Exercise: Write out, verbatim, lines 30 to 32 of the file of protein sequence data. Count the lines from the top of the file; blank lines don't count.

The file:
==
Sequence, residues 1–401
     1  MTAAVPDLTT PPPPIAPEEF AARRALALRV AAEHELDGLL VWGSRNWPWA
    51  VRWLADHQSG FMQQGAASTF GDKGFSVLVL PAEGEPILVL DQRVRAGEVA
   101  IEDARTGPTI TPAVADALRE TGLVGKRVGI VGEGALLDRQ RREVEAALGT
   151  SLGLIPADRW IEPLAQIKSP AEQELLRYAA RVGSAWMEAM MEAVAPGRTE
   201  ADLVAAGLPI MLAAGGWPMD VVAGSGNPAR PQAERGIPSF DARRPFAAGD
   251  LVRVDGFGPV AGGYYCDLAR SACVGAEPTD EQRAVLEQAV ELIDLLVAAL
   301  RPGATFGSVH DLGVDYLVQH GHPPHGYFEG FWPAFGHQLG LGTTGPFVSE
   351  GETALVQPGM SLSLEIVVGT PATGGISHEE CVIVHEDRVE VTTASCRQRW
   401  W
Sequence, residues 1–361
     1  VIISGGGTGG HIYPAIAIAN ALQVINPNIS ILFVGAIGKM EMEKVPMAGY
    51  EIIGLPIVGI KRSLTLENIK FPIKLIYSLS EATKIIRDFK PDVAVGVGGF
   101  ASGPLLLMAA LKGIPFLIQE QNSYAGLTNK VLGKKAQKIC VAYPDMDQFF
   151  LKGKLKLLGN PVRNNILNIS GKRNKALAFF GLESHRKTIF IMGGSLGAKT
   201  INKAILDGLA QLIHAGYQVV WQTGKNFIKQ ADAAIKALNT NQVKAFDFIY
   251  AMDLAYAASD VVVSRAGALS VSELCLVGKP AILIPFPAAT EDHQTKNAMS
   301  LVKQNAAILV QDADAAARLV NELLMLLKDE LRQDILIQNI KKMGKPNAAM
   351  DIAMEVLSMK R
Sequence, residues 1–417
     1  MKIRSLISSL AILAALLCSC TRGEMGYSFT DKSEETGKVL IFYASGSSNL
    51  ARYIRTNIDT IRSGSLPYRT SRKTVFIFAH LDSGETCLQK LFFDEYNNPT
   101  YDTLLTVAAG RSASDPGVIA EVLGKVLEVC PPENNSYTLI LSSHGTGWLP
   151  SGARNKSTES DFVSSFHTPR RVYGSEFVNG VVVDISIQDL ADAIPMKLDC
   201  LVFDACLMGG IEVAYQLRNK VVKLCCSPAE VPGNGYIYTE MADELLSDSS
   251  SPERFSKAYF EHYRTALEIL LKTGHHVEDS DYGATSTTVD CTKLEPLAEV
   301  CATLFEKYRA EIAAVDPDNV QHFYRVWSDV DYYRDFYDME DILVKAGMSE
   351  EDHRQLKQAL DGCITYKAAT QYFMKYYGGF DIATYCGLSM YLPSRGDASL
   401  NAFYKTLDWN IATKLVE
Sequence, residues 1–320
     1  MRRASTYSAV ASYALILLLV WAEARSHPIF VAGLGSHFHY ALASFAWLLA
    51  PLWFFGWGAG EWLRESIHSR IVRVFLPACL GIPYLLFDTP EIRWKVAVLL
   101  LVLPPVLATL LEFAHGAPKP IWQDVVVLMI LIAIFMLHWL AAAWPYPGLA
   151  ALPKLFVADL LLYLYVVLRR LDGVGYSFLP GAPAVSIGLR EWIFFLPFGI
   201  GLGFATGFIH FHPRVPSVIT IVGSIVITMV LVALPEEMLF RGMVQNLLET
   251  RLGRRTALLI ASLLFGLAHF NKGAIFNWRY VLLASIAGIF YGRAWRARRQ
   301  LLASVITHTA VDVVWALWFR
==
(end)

Sequence, residues 1–320
     1  MRRASTYSAV ASYALILLLV WAEARSHPIF VAGLGSHFHY ALASFAWLLA
    51  PLWFFGWGAG EWLRESIHSR IVRVFLPACL GIPYLLFDTP EIRWKVAVLL